[NOTE: This will be cross posted over at UFR, hence the duplication of some info from previous AOH posts.]
Time for the last preview of the season (*sniff*). In the last two games, I told you that Butler was slightly favored to win a defensive struggle, because they’d take away Michigan State’s main offensive strength of rebounding and force a lot of Spartan turnovers; and that Duke was slightly favored against WVU, but whichever team could hit their jumpers and/or dominate the boards would win. Well, the Butler-MSU prediction was spot on, as the Bulldogs held Michigan State to their 2nd lowest offensive rebounding % of the season, and got 19 points off turnovers (according to CBS). The Duke forecast was spot off, as Duke blew out the Mountaineers. But a look at the Four Factors box score shows that the teams were fairly even, except for eFG% - which the Blue Devils dominated largely due to an abnormally strong shooting night, making 13 of 25 from 3-pt range.
I won’t go into as much detail for the championship game, partly because I covered both teams pretty extensively in the semifinal previews. Check those out if you’re looking for the offensive/defensive key traits and similarity scores. By now we all know that Butler wins by playing a smothering man-to-man defense, controlling the defensive boards, forcing turnovers, and hoping they can scrape together enough points via transition opportunities, Matt Howard’s post play, Shelvin Mack’s drives and jumpers, and Gordon Heyward’s versatility – those three combine to take 75% of Butler’s shots while they’re in the game. Meanwhile, Duke wins by playing the best perimeter defense in the country, doing a bit better than average at limiting opponents’ offensive rebounds, and using what John Gasaway calls the “barrage factor” on offense – limiting turnovers and grabbing tons of offensive rebounds, so they get a lot of extra chances to make up for their usually non-elite shooting.
So what will happen when these two teams clash on Monday? Butler has been winning almost entirely due to their defensive rebounding and forced turnovers, but Duke is both the best offensive rebounding team and the least turnover-prone team that Butler has faced – not only so far in the tournament, but all season. However, Duke usually relies on those two factors to score – last night’s jump shot barrage notwithstanding. This is one of the clearest examples there is of a game where a couple of key areas will decide who wins. There’s always a chance that one team will get hot and make all the analysis moot, but it sure looks to me like Duke’s turnovers and offensive rebounds will be hugely important.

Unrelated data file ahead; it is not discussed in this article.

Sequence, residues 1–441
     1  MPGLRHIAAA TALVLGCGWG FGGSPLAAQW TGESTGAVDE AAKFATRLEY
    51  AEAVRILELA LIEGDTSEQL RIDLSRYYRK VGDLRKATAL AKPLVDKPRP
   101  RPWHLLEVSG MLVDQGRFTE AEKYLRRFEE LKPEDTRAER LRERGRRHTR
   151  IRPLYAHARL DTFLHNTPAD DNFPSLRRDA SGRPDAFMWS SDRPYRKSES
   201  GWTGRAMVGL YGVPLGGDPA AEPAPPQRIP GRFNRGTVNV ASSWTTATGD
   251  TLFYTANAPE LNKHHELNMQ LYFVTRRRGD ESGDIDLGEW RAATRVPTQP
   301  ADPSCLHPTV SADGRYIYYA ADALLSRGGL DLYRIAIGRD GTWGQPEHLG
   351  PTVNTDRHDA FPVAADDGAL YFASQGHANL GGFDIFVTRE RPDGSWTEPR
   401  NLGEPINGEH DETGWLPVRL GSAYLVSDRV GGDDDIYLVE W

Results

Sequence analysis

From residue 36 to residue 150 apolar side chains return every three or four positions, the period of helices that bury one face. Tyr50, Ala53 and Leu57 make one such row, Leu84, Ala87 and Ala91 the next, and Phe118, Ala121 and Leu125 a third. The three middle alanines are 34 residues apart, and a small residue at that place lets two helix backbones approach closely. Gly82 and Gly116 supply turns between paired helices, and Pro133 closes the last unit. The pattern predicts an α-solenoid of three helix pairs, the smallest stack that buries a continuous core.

This weekend, I put together an Excel spreadsheet that adjusts Ken Pomeroy’s Game Plan data to account for opponent strength. If you want details, check out my last post here on Audacity Of Hoops. I used these adjusted numbers to predict the Four Factors numbers for the championship game, to give us an idea of what to expect:
You can see that Duke is expected to significantly outshoot Butler, and out-rebound them. Both teams should be able to limit their turnovers, and both may be able to get to the line more than average, with Butler having a slight advantage there. But the advantage in eFG% for Duke is huge, and Butler will need to do something to counteract that. Given the way they’ve been playing lately, they may be able to limit Duke’s offensive rebounding, and force more turnovers than predicted by the numbers. They must if they want to have any shot of winning, because it’s unlikely they’ll be able to outshoot the Blue Devils.
Now let’s take a look at the similar-opponent prediction:
The Vegas line is Duke by 7 as I write this, and both Pomeroy and the Similarity system have Duke as an even slightly larger favorite. All the signs point to a comfortable Duke victory. The only thing I can see that would make me second guess these numbers is the fact that Butler has done even better than predicted on the defensive glass, and in terms of forcing turnovers, during the NCAA tournament. They need to continue that in a big way to have any shot against Duke.